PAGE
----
- Other retirement income. If you plan to earn additional income in retirement (such as business income or secondary income), indicate it here.
After that, Personal Capital will project the likelihood of reaching your retirement goals so that you know whether you need to step up the pace and invest more, or perhaps adopt a more aggressive investment strategy.
Another realistic and free online retirement calculator
The easiest way to calculate what you will need to retire is to use the rule of 25. The rule says you should take how much you spend in a year and multiply it by 25. This should give you a number. in dollars which, when using the 4% rule (withdrawal of 4% per annum), you can live comfortably while maintaining your principal investment balance.
The personal capital retirement calculator will take inflation into account to some extent. But you have to assume that this is only an estimate. We don’t know what inflation will look like in the future, just as we won’t know what the economy will look like, so it’s best to take this estimate with a grain of salt.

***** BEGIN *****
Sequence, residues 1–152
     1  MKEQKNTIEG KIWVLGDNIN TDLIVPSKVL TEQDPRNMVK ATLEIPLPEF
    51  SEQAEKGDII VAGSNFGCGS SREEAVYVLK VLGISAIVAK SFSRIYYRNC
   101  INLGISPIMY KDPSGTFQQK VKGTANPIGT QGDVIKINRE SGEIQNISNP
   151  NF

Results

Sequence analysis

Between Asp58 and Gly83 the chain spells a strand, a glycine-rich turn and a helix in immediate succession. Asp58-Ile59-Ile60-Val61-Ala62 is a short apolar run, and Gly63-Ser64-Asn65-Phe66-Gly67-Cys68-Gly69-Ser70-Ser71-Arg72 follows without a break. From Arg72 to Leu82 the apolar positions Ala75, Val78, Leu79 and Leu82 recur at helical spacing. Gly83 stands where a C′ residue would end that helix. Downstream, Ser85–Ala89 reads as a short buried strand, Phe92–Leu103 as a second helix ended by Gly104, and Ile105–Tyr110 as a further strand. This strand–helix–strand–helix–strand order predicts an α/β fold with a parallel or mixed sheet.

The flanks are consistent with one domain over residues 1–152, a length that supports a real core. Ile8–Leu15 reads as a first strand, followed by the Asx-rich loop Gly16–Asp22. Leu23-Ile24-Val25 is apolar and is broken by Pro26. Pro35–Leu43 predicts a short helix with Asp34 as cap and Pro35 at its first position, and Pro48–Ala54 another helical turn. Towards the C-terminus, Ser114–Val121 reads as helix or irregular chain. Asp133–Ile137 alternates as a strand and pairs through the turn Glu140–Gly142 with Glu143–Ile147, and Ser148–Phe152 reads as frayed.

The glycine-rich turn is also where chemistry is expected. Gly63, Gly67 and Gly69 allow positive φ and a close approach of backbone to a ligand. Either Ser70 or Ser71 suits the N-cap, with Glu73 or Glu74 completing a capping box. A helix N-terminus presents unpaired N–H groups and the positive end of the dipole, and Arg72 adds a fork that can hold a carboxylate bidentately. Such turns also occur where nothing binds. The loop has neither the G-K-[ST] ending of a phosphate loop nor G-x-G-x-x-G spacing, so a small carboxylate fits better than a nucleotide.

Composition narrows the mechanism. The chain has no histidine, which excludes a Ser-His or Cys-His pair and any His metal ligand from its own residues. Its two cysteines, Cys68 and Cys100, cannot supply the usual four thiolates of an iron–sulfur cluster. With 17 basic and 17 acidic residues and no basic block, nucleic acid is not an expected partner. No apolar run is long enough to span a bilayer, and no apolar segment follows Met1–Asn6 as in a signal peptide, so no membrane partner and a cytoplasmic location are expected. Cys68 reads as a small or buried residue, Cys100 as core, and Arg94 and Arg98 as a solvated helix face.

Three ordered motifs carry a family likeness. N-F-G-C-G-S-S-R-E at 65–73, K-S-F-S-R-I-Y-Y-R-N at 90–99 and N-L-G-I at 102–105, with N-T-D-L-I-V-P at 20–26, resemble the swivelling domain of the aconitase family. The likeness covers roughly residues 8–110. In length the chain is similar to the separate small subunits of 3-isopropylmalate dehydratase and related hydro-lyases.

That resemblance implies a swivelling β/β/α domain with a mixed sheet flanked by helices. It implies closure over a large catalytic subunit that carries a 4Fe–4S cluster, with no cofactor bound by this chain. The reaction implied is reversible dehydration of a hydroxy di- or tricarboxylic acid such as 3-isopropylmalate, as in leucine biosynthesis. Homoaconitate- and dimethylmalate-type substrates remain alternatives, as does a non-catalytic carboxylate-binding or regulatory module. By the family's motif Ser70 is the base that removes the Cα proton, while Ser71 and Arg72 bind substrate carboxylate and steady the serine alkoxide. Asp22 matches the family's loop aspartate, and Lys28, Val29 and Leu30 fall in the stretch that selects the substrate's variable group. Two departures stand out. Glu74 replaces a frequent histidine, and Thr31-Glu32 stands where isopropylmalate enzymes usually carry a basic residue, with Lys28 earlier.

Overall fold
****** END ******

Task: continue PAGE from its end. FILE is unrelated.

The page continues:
According to Personal Capital, the average 401 (k) balance for a 65-year-old is $ 422,960, while the median 401 (k) balance for a 65-year-old is $ 165,740.
How much you need in retirement depends entirely on your current spending and saving habits. That being said, a good range to shoot is between $ 600,000 and $ 2 million, depending on various factors.
Research by SmartAsset shows that, on average, a $ 1 million retirement balance should last just over 23 years for most people.
Related: Best retirement planning and tracking apps